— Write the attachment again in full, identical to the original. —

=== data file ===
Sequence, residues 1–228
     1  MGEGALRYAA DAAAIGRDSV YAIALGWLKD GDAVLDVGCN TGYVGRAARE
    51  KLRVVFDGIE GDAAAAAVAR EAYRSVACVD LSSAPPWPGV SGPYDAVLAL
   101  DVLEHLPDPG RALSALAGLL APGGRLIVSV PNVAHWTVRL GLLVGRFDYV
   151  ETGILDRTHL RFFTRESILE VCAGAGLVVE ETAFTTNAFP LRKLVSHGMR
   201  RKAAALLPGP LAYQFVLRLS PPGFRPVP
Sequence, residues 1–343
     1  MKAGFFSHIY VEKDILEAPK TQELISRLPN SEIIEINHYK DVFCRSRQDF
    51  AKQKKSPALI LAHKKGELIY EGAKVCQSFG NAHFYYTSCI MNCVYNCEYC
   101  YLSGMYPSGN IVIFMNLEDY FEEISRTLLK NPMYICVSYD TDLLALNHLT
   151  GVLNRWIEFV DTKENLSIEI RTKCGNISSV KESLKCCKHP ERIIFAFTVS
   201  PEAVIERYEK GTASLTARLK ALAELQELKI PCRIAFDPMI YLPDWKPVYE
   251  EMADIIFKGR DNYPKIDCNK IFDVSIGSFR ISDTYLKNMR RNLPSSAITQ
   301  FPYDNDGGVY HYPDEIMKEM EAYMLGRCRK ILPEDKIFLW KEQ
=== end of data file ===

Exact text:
Sequence, residues 1–228
     1  MGEGALRYAA DAAAIGRDSV YAIALGWLKD GDAVLDVGCN TGYVGRAARE
    51  KLRVVFDGIE GDAAAAAVAR EAYRSVACVD LSSAPPWPGV SGPYDAVLAL
   101  DVLEHLPDPG RALSALAGLL APGGRLIVSV PNVAHWTVRL GLLVGRFDYV
   151  ETGILDRTHL RFFTRESILE VCAGAGLVVE ETAFTTNAFP LRKLVSHGMR
   201  RKAAALLPGP LAYQFVLRLS PPGFRPVP
Sequence, residues 1–343
     1  MKAGFFSHIY VEKDILEAPK TQELISRLPN SEIIEINHYK DVFCRSRQDF
    51  AKQKKSPALI LAHKKGELIY EGAKVCQSFG NAHFYYTSCI MNCVYNCEYC
   101  YLSGMYPSGN IVIFMNLEDY FEEISRTLLK NPMYICVSYD TDLLALNHLT
   151  GVLNRWIEFV DTKENLSIEI RTKCGNISSV KESLKCCKHP ERIIFAFTVS
   201  PEAVIERYEK GTASLTARLK ALAELQELKI PCRIAFDPMI YLPDWKPVYE
   251  EMADIIFKGR DNYPKIDCNK IFDVSIGSFR ISDTYLKNMR RNLPSSAITQ
   301  FPYDNDGGVY HYPDEIMKEM EAYMLGRCRK ILPEDKIFLW KEQ